[Editor’s note: The following is an e-mail Ben sent in response to my post on Tuesday morning that a DeMarcus Cousins trade is pretty much impossible this summer and hard to envision down the road without Beal taking a major leap next season. To understand Ben’s points you have to read through the original argument first.
While I don’t quite agree with Ben’s overall assessment, he certainly brings up some great points that add to the discussion.
Also, for the sake of adhering to our community guidelines, I took out the first line of his e-mail. If you remember some of the old SNL sketches with Dan Aykroyd and Jane Curtin you can probably figure out what he said. -Jake]
A couple of key premises here I need to quibble with before disagreeing with everything else you said:
- Dollinger wasn't suggesting this trade would happen this summer. By suggesting a trade built around Beal for Cousins, he was implying that nothing could happen until December 15.
- While Cousins is talented as all get-out, whether or not he would "address the team’s need for an efficient scorer" is a huge question mark. DMC has never been an efficient player. He uses tons of possessions. Since he came into the league he has the second highest turnover rate in the NBA among high-usage players -- second only to John Wall. His true shooting percentage has never been especially high either. The combo of his high usage, his shooting and his turnovers have had yielded below average offensive efficiency for his career. We can discuss mitigating factors all we want, but from a pure production standpoint, Cousins hasn't been a great player -- yet.
- It's super easy to say why any trade won't happen because the overwhelming majority of potential trades don't.
Here's why a trade built around Cousins and Beal after December 15 is at least conceivable.
The Kings front office can sell Beal to their fan base
Perception is reality in the NBA. The same people that think Cousins is the best center in the NBA are apt to buy into narrative that Beal is a budding all-star shooting guard. They are apt to overlook Beal's relatively flat growth curve since he's been in the league and focus on his playoff heroics. "He performs best when the lights are brightest and he's only 23!"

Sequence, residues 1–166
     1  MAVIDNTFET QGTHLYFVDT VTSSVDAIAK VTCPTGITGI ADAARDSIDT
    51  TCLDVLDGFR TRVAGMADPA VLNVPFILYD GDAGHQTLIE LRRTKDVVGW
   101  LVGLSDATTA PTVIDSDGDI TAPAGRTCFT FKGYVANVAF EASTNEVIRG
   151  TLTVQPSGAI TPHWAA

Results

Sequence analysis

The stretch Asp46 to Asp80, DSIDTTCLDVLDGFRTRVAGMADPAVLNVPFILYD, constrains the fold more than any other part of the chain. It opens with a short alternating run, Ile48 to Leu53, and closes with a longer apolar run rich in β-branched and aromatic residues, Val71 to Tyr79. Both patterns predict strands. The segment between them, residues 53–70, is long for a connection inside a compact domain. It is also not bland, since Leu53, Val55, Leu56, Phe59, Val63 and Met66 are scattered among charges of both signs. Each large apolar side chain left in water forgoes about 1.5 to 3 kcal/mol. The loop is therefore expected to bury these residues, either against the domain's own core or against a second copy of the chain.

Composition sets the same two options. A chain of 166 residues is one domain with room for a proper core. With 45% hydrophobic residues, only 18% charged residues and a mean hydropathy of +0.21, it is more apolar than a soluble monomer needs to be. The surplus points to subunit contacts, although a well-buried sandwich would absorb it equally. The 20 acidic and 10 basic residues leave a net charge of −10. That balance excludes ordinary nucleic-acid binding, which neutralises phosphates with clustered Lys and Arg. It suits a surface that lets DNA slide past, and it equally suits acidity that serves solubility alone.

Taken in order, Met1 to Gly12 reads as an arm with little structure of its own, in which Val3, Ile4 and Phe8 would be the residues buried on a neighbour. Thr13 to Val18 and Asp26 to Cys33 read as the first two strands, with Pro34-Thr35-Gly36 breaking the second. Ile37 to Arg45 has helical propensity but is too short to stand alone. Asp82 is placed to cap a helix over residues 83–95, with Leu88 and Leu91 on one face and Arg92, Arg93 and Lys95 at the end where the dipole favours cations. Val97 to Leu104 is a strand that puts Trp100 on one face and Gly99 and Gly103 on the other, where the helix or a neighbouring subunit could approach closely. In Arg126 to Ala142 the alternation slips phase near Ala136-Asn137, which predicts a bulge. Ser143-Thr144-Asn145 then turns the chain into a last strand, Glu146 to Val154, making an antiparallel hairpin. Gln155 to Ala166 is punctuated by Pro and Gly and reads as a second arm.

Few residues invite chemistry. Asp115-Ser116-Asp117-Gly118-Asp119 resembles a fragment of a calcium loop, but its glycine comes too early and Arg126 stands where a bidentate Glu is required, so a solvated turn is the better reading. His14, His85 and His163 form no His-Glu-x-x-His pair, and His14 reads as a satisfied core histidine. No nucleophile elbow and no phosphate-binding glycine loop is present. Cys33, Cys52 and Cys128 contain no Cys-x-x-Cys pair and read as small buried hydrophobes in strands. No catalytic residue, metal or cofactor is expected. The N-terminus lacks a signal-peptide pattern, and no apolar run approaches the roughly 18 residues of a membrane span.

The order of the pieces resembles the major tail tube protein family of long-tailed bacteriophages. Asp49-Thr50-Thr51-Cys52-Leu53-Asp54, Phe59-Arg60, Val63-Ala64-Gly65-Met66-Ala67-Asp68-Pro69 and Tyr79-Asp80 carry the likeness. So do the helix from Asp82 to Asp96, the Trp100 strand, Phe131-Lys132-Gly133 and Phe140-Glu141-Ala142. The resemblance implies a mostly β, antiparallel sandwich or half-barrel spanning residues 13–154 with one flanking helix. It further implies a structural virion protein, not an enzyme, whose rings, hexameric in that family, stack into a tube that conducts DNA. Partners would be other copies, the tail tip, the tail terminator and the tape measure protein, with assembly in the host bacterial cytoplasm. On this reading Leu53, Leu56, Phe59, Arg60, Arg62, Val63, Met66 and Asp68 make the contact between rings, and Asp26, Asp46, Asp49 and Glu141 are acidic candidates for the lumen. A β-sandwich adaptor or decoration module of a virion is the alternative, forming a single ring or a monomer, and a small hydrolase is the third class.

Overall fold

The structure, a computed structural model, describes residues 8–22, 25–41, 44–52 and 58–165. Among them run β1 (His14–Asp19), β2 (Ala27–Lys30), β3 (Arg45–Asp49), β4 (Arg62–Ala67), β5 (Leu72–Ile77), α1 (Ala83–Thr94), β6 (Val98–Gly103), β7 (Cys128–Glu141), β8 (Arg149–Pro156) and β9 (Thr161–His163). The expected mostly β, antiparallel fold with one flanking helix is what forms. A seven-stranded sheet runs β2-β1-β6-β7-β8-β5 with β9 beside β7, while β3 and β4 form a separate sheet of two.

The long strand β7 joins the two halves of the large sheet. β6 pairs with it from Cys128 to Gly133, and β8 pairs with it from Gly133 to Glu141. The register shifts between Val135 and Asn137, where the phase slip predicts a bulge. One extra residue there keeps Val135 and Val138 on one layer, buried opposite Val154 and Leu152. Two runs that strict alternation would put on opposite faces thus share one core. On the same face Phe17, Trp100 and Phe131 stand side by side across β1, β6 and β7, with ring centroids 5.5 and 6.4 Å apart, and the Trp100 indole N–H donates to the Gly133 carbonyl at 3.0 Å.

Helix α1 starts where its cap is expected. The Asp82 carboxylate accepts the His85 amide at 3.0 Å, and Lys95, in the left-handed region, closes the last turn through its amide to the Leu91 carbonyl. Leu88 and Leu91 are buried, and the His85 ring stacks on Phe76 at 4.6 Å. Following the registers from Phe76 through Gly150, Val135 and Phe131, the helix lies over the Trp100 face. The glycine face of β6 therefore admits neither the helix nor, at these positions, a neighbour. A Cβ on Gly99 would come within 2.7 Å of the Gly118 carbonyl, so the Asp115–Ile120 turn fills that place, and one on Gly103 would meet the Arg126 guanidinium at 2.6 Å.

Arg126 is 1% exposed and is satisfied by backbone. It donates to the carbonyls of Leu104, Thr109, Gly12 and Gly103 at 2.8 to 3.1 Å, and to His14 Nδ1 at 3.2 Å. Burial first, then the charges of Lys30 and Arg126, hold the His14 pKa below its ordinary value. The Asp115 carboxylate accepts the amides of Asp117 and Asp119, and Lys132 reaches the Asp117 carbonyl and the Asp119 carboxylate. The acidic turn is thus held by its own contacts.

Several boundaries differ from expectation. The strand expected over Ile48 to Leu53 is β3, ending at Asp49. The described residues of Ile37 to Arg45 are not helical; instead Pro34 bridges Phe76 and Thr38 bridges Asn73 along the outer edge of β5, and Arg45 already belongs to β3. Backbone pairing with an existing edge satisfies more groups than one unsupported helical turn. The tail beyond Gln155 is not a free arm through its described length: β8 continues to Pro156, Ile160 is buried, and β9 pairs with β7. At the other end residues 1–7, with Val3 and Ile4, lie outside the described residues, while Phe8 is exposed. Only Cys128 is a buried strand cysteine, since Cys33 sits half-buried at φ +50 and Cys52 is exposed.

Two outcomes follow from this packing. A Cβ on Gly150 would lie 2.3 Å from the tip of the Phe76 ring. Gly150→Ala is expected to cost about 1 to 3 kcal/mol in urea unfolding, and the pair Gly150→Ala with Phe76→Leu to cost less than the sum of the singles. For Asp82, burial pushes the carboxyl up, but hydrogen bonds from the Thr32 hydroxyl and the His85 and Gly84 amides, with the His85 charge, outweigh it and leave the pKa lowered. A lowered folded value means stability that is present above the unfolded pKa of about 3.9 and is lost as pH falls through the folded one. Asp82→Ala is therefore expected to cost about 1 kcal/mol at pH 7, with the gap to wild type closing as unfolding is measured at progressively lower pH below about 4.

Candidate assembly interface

Beal being three years younger than Cousins syncs up better with Sacramento's most important players -- Willie Cauley-Stein, their recent draft picks, and their 2017 lottery pick. Beal's five year contract -- when Sacramento is always fighting for scraps in free agency -- is a plus as well. While a Beal-Cousins swap won't work straight up, there many versions of a deal that can work with some tweaks.
Cousins can strongly influence -- if not control -- his destination
While other teams have better asset bases than the Wizards (and many do), no one is trading for Cousins if he doesn't want to go there. Cousins' reputation -- ranging from malcontent to locker room cancer -- make him a huge risk. The whole reason the Kings may consider trading him is that his production doesn't justify the significant headaches when Cousins is less than perfectly happy. Is Cousins decides he wants to go to a specific place, he and his reps are going to try their damnedest, and probably succeed, at scaring other suitors off. See: Melodrama, 2011.
The Cousins - Wall Connection
They go way back. They achieved a lot together in their year at Kentucky. They're friends. They're same age, signed to the same contract. On the surface it makes sense.
Peel the onion back a little bit and it's more complicated. Firstly, they have the same weaknesses -- shooting and turnovers. Then there's also the matter of likely having to move Marcin Gortat and replace Beal in the backcourt. Certainly not impossible, but not the type of roster machinations that are Ernie Grunfeld's strong suit. Ernie however chews gum more powerfully than any GM in the NBA. Take that, RC Buford.
While a Cousins - Beal swap is unlikely -- because ANY big NBA trade is unlikely, it's ultimately one the Wizards should explore. Even with all his pronounced imperfections, Cousins' year-old max contract makes him a bargain in today's NBA. Beal's deal certainly does not. The dominoes from a deal would likely make the Wizards younger and give them more flexibility heading into another big offseason. Whether it would translate in the short term in to more wins is questionable, but in the long term the Wizards would be better positioned.
Long story short: Cousins isn't actually that good, but neither is Beal and DMC makes a lot less money. Peace.